in the middle of plastic free july

Halfway through #PlasticFreeJuly 2018, the going is tough but there are silver linings

in the middle of plastic free july

If I had money and time in abundance, then being plastic free would be a doddle. I’d spend lovely days sourcing ethically produced Kilner jars and pottering around zero waste shops. In reality, although Bristol has a few places that sell in bulk, they are all a car or bus journey away. I make do with Lidl, who sadly have just been announced the worst supermarket for recyclable packaging.

Some of this is not all bad though. Lidl sell oats in paper packaging and I made oat milk, which is incredibly easy and works well in smoothies.

Another easy swap for me is to use fabric instead of paper for wrapping presents. I always thought it was a very difficult thing to do but in reality, it is easy and very effective. You can use a scarf to wrap up bottles and it protects them much better than a paper bag would. I had a practice with a hanky and it is quite addictive.

Then a a couple of game changing silver linings came along:

Cellophane is compostable

Some of the crinkly plastic that wraps some biscuits is made from natural products. That means it will compost. The problem here is that not all plastics are marked so it might be a bit of a trial and error finding out which ones work. I have 2 compost bins though so I can start adding some cellophane to one of them and see what happens. The worst case scenario is that I have to fish it out in a couple of years and send it to landfill. At least I’ve tried to reduce it. You can do a burn test on it, if it shrinks up, there is plastic, if it burns like paper and turns crispy black at the edge, it is cellulose. It might be plastic coated cellulose though. If you do a burn test please do it in a sink so you can put out fires easily, try just a little bit of the packaging, not big bundles of the stuff!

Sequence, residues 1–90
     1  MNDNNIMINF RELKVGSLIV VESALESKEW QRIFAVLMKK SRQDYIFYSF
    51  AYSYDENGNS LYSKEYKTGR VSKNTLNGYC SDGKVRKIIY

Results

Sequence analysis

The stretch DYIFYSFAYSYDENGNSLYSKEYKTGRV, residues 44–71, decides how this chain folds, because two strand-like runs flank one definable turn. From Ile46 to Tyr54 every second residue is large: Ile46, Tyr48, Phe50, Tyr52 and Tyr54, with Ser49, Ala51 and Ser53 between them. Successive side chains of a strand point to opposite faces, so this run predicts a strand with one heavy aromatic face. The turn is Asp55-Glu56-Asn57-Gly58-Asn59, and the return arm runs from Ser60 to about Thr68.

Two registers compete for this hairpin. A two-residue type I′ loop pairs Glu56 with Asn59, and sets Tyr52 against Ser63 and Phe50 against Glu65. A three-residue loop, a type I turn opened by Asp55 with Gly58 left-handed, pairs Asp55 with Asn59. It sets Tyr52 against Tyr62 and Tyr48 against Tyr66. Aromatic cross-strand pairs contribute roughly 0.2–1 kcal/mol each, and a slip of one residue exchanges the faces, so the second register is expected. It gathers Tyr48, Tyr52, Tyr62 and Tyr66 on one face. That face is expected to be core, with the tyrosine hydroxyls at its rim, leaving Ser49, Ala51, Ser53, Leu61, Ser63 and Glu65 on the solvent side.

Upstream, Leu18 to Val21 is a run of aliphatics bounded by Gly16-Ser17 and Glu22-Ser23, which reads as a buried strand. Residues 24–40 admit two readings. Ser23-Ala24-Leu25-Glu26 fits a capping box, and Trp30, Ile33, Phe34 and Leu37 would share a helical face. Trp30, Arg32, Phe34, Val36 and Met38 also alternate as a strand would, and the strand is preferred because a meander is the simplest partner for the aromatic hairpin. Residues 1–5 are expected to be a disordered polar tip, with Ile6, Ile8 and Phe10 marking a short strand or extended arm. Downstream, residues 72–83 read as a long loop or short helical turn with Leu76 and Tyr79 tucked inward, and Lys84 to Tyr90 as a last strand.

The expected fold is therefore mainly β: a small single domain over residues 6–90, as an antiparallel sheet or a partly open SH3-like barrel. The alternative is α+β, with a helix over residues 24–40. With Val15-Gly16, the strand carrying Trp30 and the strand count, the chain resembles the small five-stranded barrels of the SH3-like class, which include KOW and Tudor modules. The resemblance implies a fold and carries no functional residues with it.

Supermarkets recycle stretchy plastic

The Rubbish Diet say

“As long as the plastic bag is stretchy it can be recycled at most major supermarkets including Tesco, Asda, Morrisons, Sainsbury’s, The Co-op and Waitrose. That means sandwich bags, toilet paper wrap, bake beans wrap, frozen veg bags, most bread bags and the wrap you get on cucumbers can all be recycled.”

This might be an urban myth though because I have yet to see a plastic bag recycling area at my local large supermarket. I have not asked though and I’ll do that next time. I know for sure they do not do this at Lidl.

Onwards ever onwards

Working through part of the Sustainable Summer book as part of the free course I’ve put on with The Frugal Family has really helped. We have chosen little things to try out and I feel no pressure to do it all at once.

You can get your copy of Sustainable Summer by clicking here.

sustainable summer workbook description

 

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